Embodied Avatar Project: Taking Intelligent Assistants to a Whole New Level

By | Jan 28, 2013

US Customs and Border Protection is field testing the Embodied Avatar as a potential state-of-the-art lie detection unit. The avatar, described in a recent Wired article as a "smoothly rendered, computer-generated young man," asks travelers at border crossings basic questions and then analyzes the responses. If the avatar - or rather the software and hardware that gathers the data and performs the analysis - identifies deception, it flags the traveler for further questioning by agents. The goal of the research and field test is to help analysts understand more about human behavior as it pertains to lying.

The avatar-based system seems almost deceptively simple. It uses three sensors - an infrared camera, a high-definition video camera, and a microphone - to gather "microdata" that includes eye and pupil changes, subtle tics and body movements, and small shifts in voice pitch and tone that together may indicate someone is lying.

Midsize companies may be more accustomed to seeing and using avatars in a more customer-friendly setting, such as the tireless greeter at the convention booth, or as a knowledgeable source for information on the company website. IT managers and analysts maintain these systems with an eye toward improving the customer experience, or ensuring that it effectively imparts company knowledge and information. The bounds on that sort of application are moderately easy to define and understand.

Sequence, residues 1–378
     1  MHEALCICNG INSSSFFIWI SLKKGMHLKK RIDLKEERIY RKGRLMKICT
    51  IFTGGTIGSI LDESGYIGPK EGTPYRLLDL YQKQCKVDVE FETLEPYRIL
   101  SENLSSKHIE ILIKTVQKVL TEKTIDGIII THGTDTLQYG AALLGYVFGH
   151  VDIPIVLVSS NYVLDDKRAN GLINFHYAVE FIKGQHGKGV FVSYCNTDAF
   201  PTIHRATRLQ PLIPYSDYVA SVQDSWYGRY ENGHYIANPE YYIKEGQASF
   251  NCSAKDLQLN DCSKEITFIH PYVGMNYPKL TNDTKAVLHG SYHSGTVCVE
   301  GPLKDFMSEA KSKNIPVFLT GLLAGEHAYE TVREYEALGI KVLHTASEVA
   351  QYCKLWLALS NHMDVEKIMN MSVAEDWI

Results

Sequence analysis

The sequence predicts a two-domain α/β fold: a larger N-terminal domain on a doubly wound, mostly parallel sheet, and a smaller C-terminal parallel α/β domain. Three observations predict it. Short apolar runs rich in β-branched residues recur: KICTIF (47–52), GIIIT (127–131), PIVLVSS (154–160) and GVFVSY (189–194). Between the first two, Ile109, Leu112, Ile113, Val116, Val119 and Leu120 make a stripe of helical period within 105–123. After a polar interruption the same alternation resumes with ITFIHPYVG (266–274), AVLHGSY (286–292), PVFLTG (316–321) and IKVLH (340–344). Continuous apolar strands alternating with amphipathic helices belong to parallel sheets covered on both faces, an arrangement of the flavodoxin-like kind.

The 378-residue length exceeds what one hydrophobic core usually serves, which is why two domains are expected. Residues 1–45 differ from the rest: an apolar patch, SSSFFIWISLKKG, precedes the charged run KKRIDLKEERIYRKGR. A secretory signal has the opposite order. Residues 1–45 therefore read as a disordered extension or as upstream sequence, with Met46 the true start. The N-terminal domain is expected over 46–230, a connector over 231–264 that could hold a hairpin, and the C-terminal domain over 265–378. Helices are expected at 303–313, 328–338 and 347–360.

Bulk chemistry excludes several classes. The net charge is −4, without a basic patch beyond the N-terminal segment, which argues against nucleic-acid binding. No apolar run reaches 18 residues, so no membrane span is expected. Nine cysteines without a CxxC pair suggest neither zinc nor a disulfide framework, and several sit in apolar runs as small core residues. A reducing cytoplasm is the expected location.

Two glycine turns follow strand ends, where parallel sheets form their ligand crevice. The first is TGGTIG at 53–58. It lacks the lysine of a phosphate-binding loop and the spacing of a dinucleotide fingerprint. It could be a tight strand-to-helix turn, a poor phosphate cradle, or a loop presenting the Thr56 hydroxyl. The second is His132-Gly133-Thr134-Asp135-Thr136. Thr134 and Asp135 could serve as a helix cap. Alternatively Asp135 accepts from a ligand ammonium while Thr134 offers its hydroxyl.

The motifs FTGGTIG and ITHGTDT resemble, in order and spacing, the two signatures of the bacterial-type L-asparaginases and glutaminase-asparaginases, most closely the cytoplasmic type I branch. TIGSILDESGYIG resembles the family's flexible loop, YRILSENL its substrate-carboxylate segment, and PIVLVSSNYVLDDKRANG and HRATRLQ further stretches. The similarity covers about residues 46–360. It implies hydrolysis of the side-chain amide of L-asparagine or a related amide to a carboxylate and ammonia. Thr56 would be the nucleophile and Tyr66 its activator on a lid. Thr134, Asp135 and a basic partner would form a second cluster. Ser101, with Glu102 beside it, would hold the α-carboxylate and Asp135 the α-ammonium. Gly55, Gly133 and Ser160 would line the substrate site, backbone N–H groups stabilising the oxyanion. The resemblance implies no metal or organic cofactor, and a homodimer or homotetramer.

The specialized use of an avatar-based intelligent assistant in a security application should intrigue midsize companies. The Embodied Avatar project may show that it is possible to use intelligent assistants in a more difficult, high-value domain with less defined boundariess and multiple sources of data input. If such avatars become commercialized and generalized, midsize companies could have access to a new type of security tool. The benefit would be that the same level of security could be offered to all types of companies, large or small. Further, success in this project could cause companies and government agencies to look at other high-value domains that might benefit from an avatar-based intelligent solution. Certainly, the IT analyst responsible for maintaining systems across the complex enterprise could use an intelligent avatar assistant to field vague calls and help pinpoint system problems around the clock.

This post was written as part of the IBM for Midsize Business program, which provides midsize businesses with the tools, expertise and solutions they need to become engines of a smarter planet. Like us on Facebook. Follow us on Twitter.

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